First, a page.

Chemical Exposure in the Workplace

As businesses in North America resume operations, they need to ensure the safety of employees and customers with cleaning and sanitizing processes at an increased level. Companies could be putting cleaning staff at risk, should they not provide proper training along with the appropriate cleaning supplies.

In November 2019, the tragic workplace death of an employee from a major North American chain restaurant was reported. Commonly used cleaning chemicals were inadvertently mixed together, which lead to this death, and the injury to others who were present. The 2 chemicals that were mixed together contained sodium hypochlorite and ammonia. When these two mixed, it created a chloramine vapor. This vapor incapacitated the manager that tried to clean up this mixture off the floor. Unbelievably, 10 patrons of the restaurant were also rushed to the hospital due to inhaling these dangerous vapors.

I found this quite interesting as the level of education on workplace safety (ie. WHMIS, first aid, etc.) is mandated by legislators for such chains, and also by these chains themselves. These incidents are seen from time to time, and they are preventable with proper training and education.

In September 2019, Workplace Safety & Prevention Services released some staggering statistics that showed in 2018, an Ontario small business owner lost-time injuries due to chemical exposure leading to a loss of over 8 million dollars. It was also shown that the foodservice industry (which has high turnover rates) has the highest level of workplace incidents, especially in the first month of employment. 

A great example of this was shown to me when I visited my wife’s workplace in a retail setting. They were using a proactive approach by avoiding hazardous chemicals and substituted them with white vinegar diluted in a spray bottle. This approach limits the possible occurrence of a chemical accident with the amount of untrained staff that come in contact with the cleaning supplies.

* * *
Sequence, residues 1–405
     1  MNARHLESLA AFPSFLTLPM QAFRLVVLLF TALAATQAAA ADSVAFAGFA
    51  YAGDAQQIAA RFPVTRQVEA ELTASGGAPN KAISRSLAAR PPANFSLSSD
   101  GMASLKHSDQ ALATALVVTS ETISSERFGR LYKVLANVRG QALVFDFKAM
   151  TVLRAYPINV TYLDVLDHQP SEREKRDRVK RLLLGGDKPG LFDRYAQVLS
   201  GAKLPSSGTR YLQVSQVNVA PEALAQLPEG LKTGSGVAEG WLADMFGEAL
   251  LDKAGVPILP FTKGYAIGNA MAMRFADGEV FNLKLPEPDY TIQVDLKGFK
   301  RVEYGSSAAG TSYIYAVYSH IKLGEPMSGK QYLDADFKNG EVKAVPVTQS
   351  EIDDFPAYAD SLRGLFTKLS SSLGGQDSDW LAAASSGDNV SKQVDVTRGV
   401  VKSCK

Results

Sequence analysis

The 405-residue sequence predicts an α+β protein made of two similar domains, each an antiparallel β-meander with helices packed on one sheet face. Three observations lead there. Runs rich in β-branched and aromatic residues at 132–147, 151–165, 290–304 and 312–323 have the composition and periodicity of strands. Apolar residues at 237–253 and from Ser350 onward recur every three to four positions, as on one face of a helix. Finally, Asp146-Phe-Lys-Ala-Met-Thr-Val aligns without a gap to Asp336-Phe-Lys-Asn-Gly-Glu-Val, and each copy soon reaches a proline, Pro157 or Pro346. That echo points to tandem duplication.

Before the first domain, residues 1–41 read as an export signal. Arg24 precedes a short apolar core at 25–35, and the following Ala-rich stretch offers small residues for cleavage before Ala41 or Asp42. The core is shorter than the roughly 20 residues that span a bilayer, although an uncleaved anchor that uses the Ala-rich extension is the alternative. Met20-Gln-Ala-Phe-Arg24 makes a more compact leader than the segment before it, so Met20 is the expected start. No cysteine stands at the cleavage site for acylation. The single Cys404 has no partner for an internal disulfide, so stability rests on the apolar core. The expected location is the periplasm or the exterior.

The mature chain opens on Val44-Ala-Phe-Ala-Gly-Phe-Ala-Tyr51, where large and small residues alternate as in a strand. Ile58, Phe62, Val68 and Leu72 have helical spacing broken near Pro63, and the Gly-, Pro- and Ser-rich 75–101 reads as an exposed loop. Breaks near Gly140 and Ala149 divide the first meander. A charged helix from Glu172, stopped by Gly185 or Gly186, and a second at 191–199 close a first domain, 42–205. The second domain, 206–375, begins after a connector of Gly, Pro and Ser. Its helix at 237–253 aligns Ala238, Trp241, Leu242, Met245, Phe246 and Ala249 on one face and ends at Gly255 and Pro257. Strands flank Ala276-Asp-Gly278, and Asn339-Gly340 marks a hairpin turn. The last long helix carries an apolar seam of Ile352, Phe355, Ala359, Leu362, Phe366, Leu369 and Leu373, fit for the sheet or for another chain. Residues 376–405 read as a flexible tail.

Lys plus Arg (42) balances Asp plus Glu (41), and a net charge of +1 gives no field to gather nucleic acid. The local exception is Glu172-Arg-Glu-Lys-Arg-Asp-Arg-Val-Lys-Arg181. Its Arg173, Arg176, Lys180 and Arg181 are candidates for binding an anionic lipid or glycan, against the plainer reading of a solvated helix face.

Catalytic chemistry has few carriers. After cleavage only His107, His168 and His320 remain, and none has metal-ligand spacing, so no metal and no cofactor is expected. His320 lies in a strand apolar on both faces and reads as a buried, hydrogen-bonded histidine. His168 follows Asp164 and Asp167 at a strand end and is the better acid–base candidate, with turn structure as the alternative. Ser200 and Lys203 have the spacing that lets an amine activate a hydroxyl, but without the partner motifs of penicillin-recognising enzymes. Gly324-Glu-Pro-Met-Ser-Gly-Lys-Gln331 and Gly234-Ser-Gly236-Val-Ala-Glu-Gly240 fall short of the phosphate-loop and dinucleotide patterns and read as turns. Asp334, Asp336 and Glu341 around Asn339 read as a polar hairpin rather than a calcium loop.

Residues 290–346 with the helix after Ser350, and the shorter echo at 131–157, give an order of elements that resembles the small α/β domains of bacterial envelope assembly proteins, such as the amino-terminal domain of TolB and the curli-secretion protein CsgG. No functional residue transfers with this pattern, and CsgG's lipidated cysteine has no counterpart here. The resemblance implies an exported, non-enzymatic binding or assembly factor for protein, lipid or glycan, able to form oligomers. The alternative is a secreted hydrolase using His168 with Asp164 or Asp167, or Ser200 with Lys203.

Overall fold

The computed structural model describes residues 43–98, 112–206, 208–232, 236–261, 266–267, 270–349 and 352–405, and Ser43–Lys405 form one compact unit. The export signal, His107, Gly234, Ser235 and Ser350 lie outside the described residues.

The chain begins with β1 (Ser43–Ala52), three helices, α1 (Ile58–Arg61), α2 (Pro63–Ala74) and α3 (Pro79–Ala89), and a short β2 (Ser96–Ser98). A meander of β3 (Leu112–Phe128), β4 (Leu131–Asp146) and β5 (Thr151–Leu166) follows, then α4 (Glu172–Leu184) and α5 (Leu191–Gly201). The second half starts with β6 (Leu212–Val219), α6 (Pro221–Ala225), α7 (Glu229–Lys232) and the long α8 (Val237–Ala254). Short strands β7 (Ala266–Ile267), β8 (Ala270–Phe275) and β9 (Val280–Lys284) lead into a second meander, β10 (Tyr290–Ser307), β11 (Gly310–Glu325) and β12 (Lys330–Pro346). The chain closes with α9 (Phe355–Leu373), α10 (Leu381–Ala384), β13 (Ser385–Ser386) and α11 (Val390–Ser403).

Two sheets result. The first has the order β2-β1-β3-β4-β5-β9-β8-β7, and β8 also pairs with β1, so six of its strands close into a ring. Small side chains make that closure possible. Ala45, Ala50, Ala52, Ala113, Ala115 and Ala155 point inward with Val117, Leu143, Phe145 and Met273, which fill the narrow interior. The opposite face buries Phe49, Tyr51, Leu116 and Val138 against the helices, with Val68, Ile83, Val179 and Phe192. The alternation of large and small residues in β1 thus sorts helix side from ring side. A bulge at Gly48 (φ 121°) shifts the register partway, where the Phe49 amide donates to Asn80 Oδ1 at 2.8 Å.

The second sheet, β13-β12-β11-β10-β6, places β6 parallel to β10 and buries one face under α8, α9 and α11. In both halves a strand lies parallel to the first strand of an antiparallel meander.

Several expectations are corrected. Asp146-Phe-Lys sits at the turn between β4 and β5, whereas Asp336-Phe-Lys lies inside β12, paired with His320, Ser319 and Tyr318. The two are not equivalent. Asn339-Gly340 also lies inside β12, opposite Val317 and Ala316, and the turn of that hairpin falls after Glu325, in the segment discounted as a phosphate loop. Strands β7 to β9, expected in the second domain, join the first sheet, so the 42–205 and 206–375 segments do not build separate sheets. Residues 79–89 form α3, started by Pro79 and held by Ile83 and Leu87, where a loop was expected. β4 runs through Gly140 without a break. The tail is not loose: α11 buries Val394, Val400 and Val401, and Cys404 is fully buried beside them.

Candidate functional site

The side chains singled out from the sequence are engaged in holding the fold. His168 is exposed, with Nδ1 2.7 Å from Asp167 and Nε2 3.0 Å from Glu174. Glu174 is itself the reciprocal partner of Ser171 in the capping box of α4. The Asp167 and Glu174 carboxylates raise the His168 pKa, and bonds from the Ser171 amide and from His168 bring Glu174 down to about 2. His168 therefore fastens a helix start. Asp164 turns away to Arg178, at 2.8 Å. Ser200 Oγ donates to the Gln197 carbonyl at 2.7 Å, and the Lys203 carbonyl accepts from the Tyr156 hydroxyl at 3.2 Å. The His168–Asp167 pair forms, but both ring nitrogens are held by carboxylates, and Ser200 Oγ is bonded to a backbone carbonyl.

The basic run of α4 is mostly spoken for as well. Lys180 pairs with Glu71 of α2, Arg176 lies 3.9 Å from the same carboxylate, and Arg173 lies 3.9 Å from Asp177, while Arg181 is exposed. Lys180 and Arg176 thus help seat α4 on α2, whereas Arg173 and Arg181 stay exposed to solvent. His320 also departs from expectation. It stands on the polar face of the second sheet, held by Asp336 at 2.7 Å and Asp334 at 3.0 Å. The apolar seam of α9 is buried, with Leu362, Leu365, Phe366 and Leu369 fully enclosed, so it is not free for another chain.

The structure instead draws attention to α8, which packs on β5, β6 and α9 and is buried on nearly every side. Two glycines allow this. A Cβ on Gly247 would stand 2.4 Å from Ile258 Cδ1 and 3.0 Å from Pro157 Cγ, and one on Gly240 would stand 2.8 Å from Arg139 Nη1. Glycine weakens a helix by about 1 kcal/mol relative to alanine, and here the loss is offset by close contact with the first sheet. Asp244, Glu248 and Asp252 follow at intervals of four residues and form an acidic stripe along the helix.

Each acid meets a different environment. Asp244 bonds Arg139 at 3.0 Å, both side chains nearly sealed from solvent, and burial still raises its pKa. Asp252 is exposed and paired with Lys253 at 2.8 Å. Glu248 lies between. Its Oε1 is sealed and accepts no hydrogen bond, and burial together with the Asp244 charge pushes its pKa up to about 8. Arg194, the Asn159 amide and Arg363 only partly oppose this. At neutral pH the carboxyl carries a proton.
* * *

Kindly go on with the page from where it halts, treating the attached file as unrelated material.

However, in a post-covid world, cleaning and disinfecting processes used in businesses will need to ensure they effectively eliminate any viral contamination.  These products will likely require an SDS (Safety Data Sheet) listing its stability and reactivity and what it should not come in contact with/be stored with.

Proper training, labeling, and experience can significantly reduce the possibilities of chemical exposure in the workplace.

Training, SDS’s, labels, or workplace posters; we offer a variety of solutions that help increase the safety in your facility. 

Not sure what you need? Require customized training or labeling? Contact us – our specialists will determine the best solution for your business.

Elton Woodfine

Elton Woodfine

Elton Woodfine CD (Canadian Decoration) served 22 years as a member of the Canadian Forces. Initially as an Infantry section Commander in the Princess Patricia Canadian Lite Infantry (PPCLI), he served on two peace keeping missions in the former Yugoslavia, and one combat tour in Afghanistan where his unit was awarded the Governor General Unit Citation for actions in combat. He then continued to serve as a member of the Royal Canadian Air Force as a firefighter, where he completed a diploma in Fire Science/ Fire-fighting from Memorial University and Occupational Health and Safety diploma from the University of New Brunswick. Lastly, in his career with the Canadian Forces, he served as a member of the Joint Incident Response Unit (CJIRU) as a Chemical, Biological, Radiological and Nuclear Operator (CBRN Op), part of the Canadian Special Operation Command (CANSOFCOM). Upon his retirement from the Canadian Forces, he took a position as a Life Cycle Management of hazardous materials instructor for the logistical branch of the Department of National Defense and is knowledgeable in NFCC, CEPA 1999, IMHWR, TDGR, ICAO, IATA, IMDG, GHS and OH&S federal regulations.